The Weber family lawsuit faults the deputies for waiting before getting Weber medical aid.  The affidavit asserts the crowd prevented deputies from doing so until additional deputies arrived "and order was restored."

The affidavit also reveals that detectives are investigating potential witnesss intimidation by at least one person close to Weber.  Recordings of conversations with a jailed gang member are cited in the affidavit.

The 22-page lawsuit, which seeks at least $10 million in damages, does not name the 10 defendants, including four sheriff's deputies who were at the scene of the shooting, two supervising officers and four managerial or policy-making employees of the department.

In its Wednesday statement, the Department said it was "frustrating" that it could not comment on the evidence while the case is pending.

"Justice is not achieved in seconds, minutes or hours but during months of a painstaking, detailed process of getting the facts right beyond a reasonable doubt," the statement reads. "Evidence is not opinion. This is what makes justice worth fighting for, and waiting for. We have watched as individuals hurl allegations or immediately assume that deputy-involved shootings and the aftermath are signs of police misconduct."

The department added that "there is a growing body of evidence in this case that is undeniable, and yet, to protect the integrity of the investigation, to continue to maintain open channels of communication for more potential witnesses to come forward, we must stay silent.

"We too must wait for the months of evidence testing, re-testing and examination by numerous county professionals which is taking place under the oversight of L.A. County's Office of Inspector General which has complete access to evidence and witness statements,'' the statement reads. "The day will come when the evidence will speak for us because, in the best system of justice in the world, it is the evidence that must matter the most."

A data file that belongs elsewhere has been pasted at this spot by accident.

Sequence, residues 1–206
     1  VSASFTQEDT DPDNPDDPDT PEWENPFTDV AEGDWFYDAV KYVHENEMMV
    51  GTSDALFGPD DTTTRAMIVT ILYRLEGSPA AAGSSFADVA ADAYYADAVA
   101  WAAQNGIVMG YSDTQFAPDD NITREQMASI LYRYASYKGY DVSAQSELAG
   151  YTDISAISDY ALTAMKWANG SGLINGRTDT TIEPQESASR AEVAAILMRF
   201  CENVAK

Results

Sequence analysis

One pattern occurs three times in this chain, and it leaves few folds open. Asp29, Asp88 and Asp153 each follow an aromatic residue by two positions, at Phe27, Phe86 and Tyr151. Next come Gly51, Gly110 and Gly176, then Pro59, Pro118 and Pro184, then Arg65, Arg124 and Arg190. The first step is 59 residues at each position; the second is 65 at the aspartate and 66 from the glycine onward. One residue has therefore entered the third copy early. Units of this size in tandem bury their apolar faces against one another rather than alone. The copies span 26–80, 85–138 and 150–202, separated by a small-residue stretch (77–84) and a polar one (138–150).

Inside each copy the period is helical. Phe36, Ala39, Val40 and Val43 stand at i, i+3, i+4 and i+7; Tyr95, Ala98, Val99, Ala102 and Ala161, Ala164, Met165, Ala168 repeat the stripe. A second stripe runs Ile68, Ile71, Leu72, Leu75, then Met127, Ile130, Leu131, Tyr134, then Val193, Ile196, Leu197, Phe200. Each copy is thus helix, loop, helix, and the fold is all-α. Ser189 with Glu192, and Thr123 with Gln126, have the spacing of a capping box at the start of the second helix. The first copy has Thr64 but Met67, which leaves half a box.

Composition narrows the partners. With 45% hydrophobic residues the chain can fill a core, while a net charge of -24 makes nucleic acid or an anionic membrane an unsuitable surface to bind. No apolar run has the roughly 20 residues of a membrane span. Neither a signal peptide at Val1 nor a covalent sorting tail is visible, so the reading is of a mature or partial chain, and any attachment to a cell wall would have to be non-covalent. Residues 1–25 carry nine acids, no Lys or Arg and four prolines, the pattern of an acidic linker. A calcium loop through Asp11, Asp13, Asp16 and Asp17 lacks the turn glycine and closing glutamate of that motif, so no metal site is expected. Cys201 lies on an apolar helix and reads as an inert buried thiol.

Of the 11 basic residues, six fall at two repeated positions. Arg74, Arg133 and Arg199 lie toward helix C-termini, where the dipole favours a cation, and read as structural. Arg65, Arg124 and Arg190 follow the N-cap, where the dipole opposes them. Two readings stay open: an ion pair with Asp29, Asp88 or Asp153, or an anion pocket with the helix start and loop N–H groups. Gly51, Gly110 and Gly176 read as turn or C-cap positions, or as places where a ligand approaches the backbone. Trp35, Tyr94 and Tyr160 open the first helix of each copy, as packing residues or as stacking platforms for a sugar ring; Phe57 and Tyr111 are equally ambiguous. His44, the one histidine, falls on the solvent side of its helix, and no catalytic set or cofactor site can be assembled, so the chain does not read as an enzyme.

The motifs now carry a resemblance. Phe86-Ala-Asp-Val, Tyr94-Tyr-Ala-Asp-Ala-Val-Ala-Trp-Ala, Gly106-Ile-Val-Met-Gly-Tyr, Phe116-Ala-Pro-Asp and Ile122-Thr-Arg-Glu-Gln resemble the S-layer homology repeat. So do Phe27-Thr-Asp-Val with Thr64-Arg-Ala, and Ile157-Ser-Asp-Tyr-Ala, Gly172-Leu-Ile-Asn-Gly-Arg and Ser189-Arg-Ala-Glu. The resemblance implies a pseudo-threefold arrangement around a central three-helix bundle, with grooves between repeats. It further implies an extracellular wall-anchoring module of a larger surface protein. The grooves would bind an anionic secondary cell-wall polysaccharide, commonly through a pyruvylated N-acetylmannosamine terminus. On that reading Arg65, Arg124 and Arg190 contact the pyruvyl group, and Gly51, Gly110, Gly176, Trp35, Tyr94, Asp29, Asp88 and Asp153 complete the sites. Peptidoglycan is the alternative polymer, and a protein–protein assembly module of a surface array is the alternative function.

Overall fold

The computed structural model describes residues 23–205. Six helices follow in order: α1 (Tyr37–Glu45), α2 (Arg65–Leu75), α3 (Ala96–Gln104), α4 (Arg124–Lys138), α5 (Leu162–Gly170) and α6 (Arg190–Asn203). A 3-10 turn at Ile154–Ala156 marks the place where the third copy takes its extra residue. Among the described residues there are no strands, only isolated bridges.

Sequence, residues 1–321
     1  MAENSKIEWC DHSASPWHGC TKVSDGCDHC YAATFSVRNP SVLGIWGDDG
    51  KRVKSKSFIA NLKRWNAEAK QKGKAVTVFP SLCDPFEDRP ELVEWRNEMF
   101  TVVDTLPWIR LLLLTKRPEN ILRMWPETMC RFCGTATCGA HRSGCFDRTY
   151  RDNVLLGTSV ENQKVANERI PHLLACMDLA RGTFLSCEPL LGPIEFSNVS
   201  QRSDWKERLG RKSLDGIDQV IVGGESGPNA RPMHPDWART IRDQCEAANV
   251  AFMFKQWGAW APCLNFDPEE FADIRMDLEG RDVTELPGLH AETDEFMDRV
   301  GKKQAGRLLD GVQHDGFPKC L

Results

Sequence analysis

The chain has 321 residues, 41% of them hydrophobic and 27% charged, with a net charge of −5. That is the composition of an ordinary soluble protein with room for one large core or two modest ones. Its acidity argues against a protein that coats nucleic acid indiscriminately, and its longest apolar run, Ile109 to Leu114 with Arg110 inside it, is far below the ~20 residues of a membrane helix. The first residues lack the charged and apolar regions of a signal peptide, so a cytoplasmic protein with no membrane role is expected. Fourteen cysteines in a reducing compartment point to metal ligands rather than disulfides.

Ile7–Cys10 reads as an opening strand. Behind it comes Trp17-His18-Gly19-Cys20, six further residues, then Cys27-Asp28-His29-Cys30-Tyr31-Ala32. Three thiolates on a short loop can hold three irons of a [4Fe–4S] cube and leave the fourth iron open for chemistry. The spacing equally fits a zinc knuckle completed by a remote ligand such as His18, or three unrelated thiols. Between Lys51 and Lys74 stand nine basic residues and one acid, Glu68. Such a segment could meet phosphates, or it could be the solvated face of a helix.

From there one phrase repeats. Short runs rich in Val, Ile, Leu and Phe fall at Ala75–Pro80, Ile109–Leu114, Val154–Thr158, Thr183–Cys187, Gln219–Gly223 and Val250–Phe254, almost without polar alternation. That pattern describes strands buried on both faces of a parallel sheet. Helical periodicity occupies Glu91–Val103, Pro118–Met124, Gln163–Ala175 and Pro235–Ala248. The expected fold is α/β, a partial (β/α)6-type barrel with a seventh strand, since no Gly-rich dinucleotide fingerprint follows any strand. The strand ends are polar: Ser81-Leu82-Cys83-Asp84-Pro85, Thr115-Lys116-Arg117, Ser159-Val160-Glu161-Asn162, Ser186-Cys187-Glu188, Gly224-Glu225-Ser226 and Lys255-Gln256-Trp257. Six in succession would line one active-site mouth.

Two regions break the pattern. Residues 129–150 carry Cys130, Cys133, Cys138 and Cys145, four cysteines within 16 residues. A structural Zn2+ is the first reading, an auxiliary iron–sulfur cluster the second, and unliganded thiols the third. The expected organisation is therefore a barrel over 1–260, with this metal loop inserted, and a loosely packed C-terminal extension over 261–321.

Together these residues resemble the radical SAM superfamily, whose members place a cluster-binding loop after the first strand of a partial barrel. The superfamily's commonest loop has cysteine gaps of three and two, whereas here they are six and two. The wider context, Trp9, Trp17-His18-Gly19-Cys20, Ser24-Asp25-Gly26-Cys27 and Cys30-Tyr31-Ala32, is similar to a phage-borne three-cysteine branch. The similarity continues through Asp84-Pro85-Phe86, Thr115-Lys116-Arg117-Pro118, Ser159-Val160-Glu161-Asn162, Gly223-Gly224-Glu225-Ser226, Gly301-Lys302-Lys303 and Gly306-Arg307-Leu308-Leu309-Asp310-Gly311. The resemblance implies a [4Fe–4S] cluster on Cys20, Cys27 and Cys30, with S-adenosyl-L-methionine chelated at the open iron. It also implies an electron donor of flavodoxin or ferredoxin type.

The plaintiffs allege that the boy was deprived of his right against unreasonable and excessive force as guaranteed under the Fourth Amendment. The family's lawyers also contend the decedent suffered extreme mental and physical pain before losing his life.

"Anthony was a devoted, loving son and young father whose life was tragically cut short," said co-lead counsel Dale K. Galipo. "We intend to prove that under the color of authority, the deputies engaged in excessive force and violated the young man's constitutional rights."

No video footage of the shooting itself has been located.  The plaintiffs located a brief video looking through a doorway into the courtyard and showing a single deputy standing outside.  It was not clear at what time it was recorded.

According to the sheriff's department, one witness reported hearing deputies say, "Don't reach for it," presumably referring to a gun, though that witness did not see one.

The family's legal team told NBC4 they have a witness who said Weber was not armed. The affidavit recounted an investigator telling attorney Yates they would like to speak to the witness, but Yates declined, expressing concern the witness would face intimidation.

Copyright CNS - City News Service
Contact Us